Family Portrait. 1790

William Wright Click to

William Wright is the author of four full-length books and four chapbooks. His full-length books are Tree Heresies (Mercer University Press, 2015), Night Field Anecdote (Louisiana Literature Press, 2011) and Bledsoe (Texas Review Press, 2011).  Series editor of The Southern Poetry Anthology (Texas Review Press), Wright has recently published work in Beloit Poetry Journal, Greensboro ReviewKenyon ReviewColorado Review, Indiana Review, AGNI and North American Review.  He is founding editor of Town Creek Poetry. Wright also edited Hard Lines: Rough South Poetry (with Daniel Cross Turner), due out from the University of South Carolina Press in 2015. Wright will serve as Writer-in-Residence at the University of Tennessee in spring of 2016.

Family Portrait, 1790 by William Wright

North Carolina Blue Ridge

Here earth juts and tumbles in woods
where mountain creeks purl, slake through
rock, sluice schist coves and sheltered

gaps, then push hard through piebald sheer,
down to the slant of a cabin leaning:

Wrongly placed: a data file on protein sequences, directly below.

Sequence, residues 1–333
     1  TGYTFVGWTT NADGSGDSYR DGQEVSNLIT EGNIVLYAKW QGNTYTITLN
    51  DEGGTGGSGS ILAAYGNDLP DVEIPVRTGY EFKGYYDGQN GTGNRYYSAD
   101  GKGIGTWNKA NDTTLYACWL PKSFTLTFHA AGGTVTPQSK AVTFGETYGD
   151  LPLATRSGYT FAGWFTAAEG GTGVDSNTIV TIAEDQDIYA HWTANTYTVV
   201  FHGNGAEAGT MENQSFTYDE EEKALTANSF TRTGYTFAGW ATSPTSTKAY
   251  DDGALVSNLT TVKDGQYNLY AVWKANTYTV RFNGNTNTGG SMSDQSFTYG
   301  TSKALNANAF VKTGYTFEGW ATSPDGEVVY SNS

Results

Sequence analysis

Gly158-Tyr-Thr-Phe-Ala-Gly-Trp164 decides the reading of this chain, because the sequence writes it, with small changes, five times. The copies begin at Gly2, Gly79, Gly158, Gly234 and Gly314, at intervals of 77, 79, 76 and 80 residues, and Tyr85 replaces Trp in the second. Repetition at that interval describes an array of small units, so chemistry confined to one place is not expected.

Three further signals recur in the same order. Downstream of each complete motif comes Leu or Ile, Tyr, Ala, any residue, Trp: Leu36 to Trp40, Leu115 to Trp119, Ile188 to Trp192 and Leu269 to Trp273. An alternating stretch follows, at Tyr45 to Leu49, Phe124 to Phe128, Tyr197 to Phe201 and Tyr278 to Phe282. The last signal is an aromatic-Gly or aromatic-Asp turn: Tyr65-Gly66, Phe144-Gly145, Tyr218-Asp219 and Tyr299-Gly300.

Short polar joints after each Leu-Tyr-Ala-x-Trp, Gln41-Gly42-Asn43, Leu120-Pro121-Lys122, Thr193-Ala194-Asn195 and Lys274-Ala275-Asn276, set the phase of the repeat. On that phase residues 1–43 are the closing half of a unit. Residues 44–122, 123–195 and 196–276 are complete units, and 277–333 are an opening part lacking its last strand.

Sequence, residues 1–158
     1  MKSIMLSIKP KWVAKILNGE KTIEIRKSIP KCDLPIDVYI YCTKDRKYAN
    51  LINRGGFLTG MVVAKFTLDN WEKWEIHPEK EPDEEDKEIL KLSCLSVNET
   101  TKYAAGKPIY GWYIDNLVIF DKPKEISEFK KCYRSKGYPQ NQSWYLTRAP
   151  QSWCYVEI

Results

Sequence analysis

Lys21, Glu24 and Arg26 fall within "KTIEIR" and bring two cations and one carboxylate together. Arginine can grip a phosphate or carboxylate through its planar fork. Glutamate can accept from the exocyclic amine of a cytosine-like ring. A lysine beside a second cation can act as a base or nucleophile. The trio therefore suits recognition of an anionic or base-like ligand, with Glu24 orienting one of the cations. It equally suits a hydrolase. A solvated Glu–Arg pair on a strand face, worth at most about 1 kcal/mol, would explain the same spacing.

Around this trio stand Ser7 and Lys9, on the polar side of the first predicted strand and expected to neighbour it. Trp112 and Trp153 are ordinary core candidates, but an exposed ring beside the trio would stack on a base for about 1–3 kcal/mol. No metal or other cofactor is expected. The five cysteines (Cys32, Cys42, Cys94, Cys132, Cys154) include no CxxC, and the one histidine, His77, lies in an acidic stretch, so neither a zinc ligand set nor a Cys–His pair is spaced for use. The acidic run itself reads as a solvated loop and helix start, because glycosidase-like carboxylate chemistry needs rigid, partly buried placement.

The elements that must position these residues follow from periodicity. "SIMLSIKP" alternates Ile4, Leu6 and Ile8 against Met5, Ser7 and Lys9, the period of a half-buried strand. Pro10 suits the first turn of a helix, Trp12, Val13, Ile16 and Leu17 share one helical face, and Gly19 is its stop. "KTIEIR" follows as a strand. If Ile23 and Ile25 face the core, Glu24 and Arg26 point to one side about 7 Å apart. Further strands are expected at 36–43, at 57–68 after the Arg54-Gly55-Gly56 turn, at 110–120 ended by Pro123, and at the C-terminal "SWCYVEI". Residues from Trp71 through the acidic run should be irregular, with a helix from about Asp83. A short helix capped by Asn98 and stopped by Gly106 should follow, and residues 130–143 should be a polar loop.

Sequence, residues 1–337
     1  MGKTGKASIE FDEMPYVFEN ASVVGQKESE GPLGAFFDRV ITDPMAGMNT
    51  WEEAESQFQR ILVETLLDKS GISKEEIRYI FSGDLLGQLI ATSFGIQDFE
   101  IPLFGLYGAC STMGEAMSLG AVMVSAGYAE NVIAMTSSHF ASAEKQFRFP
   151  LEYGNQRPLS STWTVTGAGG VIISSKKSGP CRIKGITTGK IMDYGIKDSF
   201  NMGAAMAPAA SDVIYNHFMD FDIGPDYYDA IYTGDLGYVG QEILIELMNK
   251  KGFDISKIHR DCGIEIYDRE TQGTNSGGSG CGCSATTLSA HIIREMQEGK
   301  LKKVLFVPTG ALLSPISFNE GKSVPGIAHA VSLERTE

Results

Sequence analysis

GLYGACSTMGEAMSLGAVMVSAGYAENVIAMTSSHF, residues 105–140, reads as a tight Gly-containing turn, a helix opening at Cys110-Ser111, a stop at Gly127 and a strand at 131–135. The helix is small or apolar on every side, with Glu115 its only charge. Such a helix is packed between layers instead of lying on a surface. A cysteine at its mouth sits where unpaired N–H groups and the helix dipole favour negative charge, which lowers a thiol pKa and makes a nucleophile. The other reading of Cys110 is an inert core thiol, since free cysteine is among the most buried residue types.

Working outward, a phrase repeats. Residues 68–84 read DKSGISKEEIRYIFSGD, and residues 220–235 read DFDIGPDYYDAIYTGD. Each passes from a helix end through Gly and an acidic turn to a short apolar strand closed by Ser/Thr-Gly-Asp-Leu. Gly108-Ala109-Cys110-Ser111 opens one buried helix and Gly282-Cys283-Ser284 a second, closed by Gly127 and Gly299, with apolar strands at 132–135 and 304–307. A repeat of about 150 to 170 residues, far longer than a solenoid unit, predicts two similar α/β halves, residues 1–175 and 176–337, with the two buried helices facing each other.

Dusk’s long shadow flickers dark

in this singular room, where my kin huddle
around bacon and cabbage that snaps,
burbles over pine-hiss and ember—

Fire grinds the weight of nightfall
on their silence, toil-dark scowls
over tight frowns, throats hungry

to down day’s reaping. Here, land
is the sole tongue, etched in intricate syntax
of apple and trillium, the garden’s blood-idiom,

husk-dry stanzas quenched by prophecies
of rain. Nights, when their worn out bodies
die into sleep, their dreams are rationed

to applewood and rattlers, valleys’ tobacco
and fodders stacks, the few words passed
that I take with me, write down, and move on.


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